The head fog returned for a few miles, and then, without warning, both of my knees started hurting like hell. After my initial “oh shit” reaction, I had to figure out how to manage the next 15.2 miles. Would I create a permanent injury by continuing? Would I be able to run at all? Then, more “oh shit, oh shit, oh shit…”
The miles began to get longer. I remember thousands of faces – coats, hats, scarves – signs and waving gloved hands… then they would all disappear and it was just the sound of the feet again. Around the 13-mile mark, the runners started to thin out a bit, and lots of people were stopped at the side of the road stretching. Was I supposed to do that? I didn’t know… Keep going…
“Whose idea was this? I’m never doing this again… There is no way I can finish…”
I don’t remember when I saw him the first time, but the second time was at mile 18, he says. I stopped for a quick second and cried that my knees were broken. I was devastated that I wouldn’t make my goal time. He asked me if I wanted to finish. I’m pretty sure I rolled my eyes at him and kept going. He caught me again at mile 19, and I was running with a smile. I had a second wind.
I have a vivid memory of wanting to flip off people who were screaming, “You’ve got this!” I wanted to scream back and say, “Fuck you. You don’t know shit. Stop standing around and give it a try.”
Eventually, my anger yielded to extreme appreciation, and I found myself whispering “thank you,” under my breath for every smile, for every sign, and for every darling child with an outstretched hand waiting excitedly for a touch.
I remember one brief moment when the Capitol loomed large and magnificent right in front of us – the rest, I couldn’t tell ya. The only things I remember about the National Mall were all the people and the rows of trees with gorgeous Fall color.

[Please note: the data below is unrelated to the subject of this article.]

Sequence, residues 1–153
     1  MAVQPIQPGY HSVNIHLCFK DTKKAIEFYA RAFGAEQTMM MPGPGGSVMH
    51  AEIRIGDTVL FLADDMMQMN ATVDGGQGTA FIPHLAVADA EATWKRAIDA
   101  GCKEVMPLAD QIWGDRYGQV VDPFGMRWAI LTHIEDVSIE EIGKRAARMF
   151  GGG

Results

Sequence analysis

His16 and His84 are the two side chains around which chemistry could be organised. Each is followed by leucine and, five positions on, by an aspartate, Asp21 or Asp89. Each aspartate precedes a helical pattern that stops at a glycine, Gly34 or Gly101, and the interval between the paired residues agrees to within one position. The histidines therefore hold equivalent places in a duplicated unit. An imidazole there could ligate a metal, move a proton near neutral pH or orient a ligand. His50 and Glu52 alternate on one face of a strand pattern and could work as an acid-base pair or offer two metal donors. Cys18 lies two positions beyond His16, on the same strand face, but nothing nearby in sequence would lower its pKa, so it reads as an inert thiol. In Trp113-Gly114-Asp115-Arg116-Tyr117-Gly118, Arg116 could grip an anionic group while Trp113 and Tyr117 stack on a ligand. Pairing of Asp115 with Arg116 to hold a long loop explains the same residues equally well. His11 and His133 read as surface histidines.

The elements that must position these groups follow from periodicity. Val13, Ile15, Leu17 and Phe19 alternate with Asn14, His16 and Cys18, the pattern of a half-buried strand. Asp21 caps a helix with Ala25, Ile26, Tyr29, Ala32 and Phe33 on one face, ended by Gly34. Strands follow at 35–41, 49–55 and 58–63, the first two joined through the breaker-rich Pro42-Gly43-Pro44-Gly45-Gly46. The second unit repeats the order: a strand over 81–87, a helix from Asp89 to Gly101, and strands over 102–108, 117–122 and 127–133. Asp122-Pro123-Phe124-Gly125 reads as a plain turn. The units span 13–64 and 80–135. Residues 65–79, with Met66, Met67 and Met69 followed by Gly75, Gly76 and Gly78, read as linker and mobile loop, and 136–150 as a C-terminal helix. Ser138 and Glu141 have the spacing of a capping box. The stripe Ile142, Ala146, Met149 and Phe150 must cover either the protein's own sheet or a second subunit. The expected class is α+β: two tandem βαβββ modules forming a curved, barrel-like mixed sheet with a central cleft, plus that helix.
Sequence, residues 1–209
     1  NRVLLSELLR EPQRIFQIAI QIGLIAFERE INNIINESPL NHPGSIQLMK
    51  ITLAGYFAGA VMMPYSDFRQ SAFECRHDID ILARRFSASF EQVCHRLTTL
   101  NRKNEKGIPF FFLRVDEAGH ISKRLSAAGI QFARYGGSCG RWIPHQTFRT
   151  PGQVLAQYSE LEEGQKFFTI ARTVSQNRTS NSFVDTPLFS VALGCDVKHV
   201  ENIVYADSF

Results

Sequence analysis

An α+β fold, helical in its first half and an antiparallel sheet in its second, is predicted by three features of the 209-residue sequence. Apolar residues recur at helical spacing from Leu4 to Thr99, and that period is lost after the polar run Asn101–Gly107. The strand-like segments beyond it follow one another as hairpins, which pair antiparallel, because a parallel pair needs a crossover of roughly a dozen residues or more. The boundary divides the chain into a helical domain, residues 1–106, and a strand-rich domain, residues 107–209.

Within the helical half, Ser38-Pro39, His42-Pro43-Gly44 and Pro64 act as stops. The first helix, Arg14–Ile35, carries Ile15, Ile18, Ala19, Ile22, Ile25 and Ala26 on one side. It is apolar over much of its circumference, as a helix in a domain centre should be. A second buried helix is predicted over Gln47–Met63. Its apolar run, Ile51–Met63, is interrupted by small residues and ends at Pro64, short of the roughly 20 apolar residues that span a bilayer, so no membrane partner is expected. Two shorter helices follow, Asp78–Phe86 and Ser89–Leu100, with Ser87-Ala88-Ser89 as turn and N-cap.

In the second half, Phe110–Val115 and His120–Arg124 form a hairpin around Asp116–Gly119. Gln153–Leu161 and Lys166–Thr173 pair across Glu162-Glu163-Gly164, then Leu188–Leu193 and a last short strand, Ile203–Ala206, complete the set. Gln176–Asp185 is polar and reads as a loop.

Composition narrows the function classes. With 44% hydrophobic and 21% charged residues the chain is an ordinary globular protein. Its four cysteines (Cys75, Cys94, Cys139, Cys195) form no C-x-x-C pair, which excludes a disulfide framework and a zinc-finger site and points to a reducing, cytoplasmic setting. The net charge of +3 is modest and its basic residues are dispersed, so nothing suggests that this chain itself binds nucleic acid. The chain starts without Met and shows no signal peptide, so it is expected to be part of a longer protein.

We hit Crystal City around mile 24, I think. It was one of the two times during the race that the course looped back on itself, and we could see the runners in front of us going in the opposite direction. I wanted to hop the line and join them. That’s when it seemed like it would never ever end. He says he saw me there – that he screamed my name – and I just kept running along in my own little world. Brightly colored flags lined the streets, along with cheering throngs, and I knew we were almost there. Keep going.
One more quiet section of road, and then I heard the announcer. The final hill. I mustered up everything inside of me and took it without consequence – I only know it was a hill because I saw the road incline, but I did not feel the challenge of it at all. Numb. The music volume grew. The announcer was blabbering about the people in front of me, I think, who had raced onto the course to finish with their loved one. “Please do not finish if you don’t have a bib. Please leave the course.” My eyes suddenly focused on the huge air-filled red arch across the road that signified the finish line. I pushed forward, raised both hands in the air, and gave a loud, “woo hoo” as I crossed the mat.
I did it.
I thought I would cry. I didn’t.
We moved forward on auto-pilot and a Marine handed me a mylar blanket. “Where’s my medal?” I thought. Ahh… it was next.
The line shuffled through photo ops and snacks. One Marine asked me, “How’re ya doin’? You okay?”
“Not really,” I whined.
He looked me straight in the eye, scanned my face and my body, and said, “Well, you look great – your makeup isn’t even smudged. You look good!” God bless you, Unknown Soldier.
I made my way back to the mucky Charity Village to meet my loved ones. They were glowing and supportive and all of the things that we long to have around us when we feel vulnerable and tired. I received a second medal from my hosting charity – the Organization for Autism Research, and then we drove to the Metro 29 Diner in Arlington for more post-race chit-chat.
When I finally limped “home” that evening, I emptied the water heater with a steaming hot shower, obediently took the four Advil given to me, and crawled into bed for eleven hours of blissful sleep. By the next morning, I had my legs back without a trace of marathon-running evidence.
But I have a medal… and a picture. I guess I did it.